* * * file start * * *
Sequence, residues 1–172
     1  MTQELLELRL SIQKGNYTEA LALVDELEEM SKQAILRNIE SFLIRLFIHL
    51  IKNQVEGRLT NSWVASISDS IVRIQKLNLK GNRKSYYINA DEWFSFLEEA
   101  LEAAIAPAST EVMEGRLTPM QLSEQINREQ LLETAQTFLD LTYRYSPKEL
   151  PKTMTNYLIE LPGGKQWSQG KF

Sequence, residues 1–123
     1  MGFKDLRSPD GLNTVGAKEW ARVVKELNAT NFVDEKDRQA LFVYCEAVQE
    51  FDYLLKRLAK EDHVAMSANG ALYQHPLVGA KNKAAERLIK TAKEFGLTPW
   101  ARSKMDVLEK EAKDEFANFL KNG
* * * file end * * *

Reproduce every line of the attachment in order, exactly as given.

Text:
Sequence, residues 1–172
     1  MTQELLELRL SIQKGNYTEA LALVDELEEM SKQAILRNIE SFLIRLFIHL
    51  IKNQVEGRLT NSWVASISDS IVRIQKLNLK GNRKSYYINA DEWFSFLEEA
   101  LEAAIAPAST EVMEGRLTPM QLSEQINREQ LLETAQTFLD LTYRYSPKEL
   151  PKTMTNYLIE LPGGKQWSQG KF

Sequence, residues 1–123
     1  MGFKDLRSPD GLNTVGAKEW ARVVKELNAT NFVDEKDRQA LFVYCEAVQE
    51  FDYLLKRLAK EDHVAMSANG ALYQHPLVGA KNKAAERLIK TAKEFGLTPW
   101  ARSKMDVLEK EAKDEFANFL KNG